Oklahoma coach Bob Stoops is willing to play wherever his school's president and athletic director decide is best, even if it means a move by the top-ranked Sooners could trigger the nation's first 16-team super conference.
"It seems that's the direction the world's going," Stoops said Monday. "So if it is, so be it."
Stoops stopped short on speculating what might happen or saying what he prefers.
Oklahoma president David Boren said just before the season's opening weekend that the Sooners would decide within the next three weeks, if not sooner, if they would leave the Big 12 for another conference.
"As long as we get to play, I'll go play wherever," Stoops said during the Big 12 coaches' weekly conference call. "I've got great faith in (the president and AD), so for me to say what I'd prefer wouldn't be right to do."
With half the Big 12 heading into an off week, after all 10 teams won their openers at home, there are more questions about the future of the league.
After trimming down to 10 teams with the losses of Nebraska (Big Ten) and Colorado (Pac-12), the Big 12 hadn't even opened its new season before Texas A&M last week formally announced its intention to leave the league.
The Aggies are expected to apply for membership to the Southeastern Conference, as early as this week when they are one of the teams with an open date.
"I did not think it would come up again," Texas coach Mack Brown said about questions of the Big 12's future. "I thought it was over for at least 10 years."
There had been interest from the then-Pac-10 last summer of Texas and Oklahoma, along with Oklahoma State and Texas Tech, heading West as potentially part of a 16-team league.
Pac-12 Commissioner Larry Scott said Saturday before the Oregon-LSU game in Texas that schools have reached out to his league recently. Scott wouldn't say who they were, but said he was listening even though he wasn't recruiting new members for his league.
Stoops said his focus is on playing sixth-ranked Florida State on Sept. 17 after an open date. Brown is getting his Longhorns ready to play BYU on Saturday.
Of course, those powerhouse teams will be fine no matter what happens.
"It seems like there's about five different scenarios out there that everybody thinks are guaranteed to be the case," Brown said. "I've got my hands full with Brigham Young on Saturday night and I know we're in the Big 12 until the end of the year."
There is more uncertainty for teams such as Kansas, Kansas State, Baylor and Iowa State should the Big 12 crumble.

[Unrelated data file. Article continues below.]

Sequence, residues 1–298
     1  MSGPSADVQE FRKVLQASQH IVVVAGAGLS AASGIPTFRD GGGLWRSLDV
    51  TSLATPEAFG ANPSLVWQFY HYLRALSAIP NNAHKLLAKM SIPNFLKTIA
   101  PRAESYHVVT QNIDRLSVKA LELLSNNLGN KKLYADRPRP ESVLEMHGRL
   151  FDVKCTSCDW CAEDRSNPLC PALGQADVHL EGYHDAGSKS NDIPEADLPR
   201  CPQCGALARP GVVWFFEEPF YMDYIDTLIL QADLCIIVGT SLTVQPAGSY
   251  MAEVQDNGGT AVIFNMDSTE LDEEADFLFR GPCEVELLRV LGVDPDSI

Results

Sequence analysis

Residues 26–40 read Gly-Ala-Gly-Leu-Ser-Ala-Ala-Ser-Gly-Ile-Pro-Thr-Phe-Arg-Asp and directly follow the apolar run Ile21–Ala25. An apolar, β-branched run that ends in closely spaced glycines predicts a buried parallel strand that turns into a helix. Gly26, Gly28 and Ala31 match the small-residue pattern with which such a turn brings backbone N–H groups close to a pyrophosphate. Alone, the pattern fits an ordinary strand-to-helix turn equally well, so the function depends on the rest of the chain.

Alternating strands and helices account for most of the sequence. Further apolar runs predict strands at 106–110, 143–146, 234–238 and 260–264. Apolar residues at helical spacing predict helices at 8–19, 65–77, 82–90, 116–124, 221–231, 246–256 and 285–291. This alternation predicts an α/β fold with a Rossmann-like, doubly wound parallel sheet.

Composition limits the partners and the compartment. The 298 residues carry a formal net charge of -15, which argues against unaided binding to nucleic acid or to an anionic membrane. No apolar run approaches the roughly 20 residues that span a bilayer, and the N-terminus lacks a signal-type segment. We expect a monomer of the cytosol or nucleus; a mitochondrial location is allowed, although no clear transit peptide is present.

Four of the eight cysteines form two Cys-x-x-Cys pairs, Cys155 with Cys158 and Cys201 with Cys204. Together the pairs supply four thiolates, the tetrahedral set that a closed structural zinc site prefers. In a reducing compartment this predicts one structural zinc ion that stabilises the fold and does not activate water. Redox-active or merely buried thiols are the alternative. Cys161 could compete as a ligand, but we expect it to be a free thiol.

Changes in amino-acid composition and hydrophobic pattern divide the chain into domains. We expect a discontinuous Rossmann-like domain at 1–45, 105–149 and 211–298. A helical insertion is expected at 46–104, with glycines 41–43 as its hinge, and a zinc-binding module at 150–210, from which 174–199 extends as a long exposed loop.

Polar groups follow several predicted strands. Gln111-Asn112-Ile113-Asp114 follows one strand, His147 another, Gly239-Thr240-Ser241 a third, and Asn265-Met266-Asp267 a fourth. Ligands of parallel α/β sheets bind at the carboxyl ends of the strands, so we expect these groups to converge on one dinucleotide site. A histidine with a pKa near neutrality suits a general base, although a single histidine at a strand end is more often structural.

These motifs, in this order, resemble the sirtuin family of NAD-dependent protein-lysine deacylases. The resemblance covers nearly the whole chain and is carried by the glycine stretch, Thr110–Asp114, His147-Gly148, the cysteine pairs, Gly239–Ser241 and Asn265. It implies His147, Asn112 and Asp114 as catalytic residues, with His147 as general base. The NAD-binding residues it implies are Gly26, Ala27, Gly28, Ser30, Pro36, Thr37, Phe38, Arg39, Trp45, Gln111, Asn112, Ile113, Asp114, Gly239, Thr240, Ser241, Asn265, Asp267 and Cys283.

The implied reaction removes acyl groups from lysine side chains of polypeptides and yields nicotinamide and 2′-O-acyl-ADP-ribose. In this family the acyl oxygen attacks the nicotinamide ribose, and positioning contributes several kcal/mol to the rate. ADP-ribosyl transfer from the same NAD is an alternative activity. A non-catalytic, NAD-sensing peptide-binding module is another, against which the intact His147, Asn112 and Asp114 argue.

Brown acknowledged that he feels sorry for some teams that may be left scrambling if there are changes, but pointed out that last year things were "all over the place" before Texas and Oklahoma decided to stay put.
"We were told last year we could join any league in the country we wanted to if it changed. We've been told we could go independent, so there's going to be something really good for Texas at the end of this," Brown said. "Our school will be OK regardless of what happens, and that's not the case for everybody. ... We'll end up where we want to end up."
Second-year Kansas coach Turner Gill insists he is not too concerned and has confidence in Big 12 leadership, including the presidents and chancellors of the league's schools.
"I believe that the Big 12 Conference will be standing strong at some point in time," Gill said. "How it all shakes out, I don't know, but I do have confidence that there will be a Big 12 Conference."
Two days after Oklahoma State billionaire booster Boone Pickens said he didn't think the Big 12 will last much longer and believes the Cowboys eventually will end up in the Pac-12, coach Mike Gundy said he hopes that's not necessarily the case.
"I would hope that our league could somehow stay together and survive. I guess it doesn't look like that that is going to happen," Gundy said during his weekly availability on the Stillwater campus. "Or maybe somebody could come in because I like the Big 12. I like this part of the country, I like the recruiting aspects of it. I'm not afraid to say that. I like the rivalries that we have in this league."
Kansas State coach Bill Snyder said he has addressed his team about the situation, telling them to take care of "what is really significant" for them on the field playing games.
Snyder shared with his players some of the history of Kansas State, from being part of the Big 6 Conference that started in the 1920s, to the evolvement into the Big 8 and later the Big 12.
"You can't afford to get caught up in the politics of what's taking place in our conference," Snyder said. "That's for somebody else."
Baylor's Art Briles, whose team is coming off a 50-48 opening win over defending Rose Bowl champion TCU, said he isn't really thinking about what might happen since he can't change it. The coach doesn't plan to talk to his players about it unless they ask, and none of them have asked.
While Baylor, Kansas State, Oklahoma, Texas A&M and Texas Tech all have open dates already, Missouri and Oklahoma State have short weeks of preparation to play Pac-12 teams.
Oklahoma State is home Thursday against Arizona, in a rematch against the team the Cowboys beat 36-10 in the Alamo Bowl last December. Missouri plays at Arizona State on Friday night.
"They're real good. I think they're in the top half of now you call it the Pac-12," Missouri coach Gary Pinkel said of the Sun Devils. "It might go higher, too, you never know. No pun intended."
AP College Football Writer Jeff Latzke and AP Sports Writer R.B. Fallstrom contributed to this report.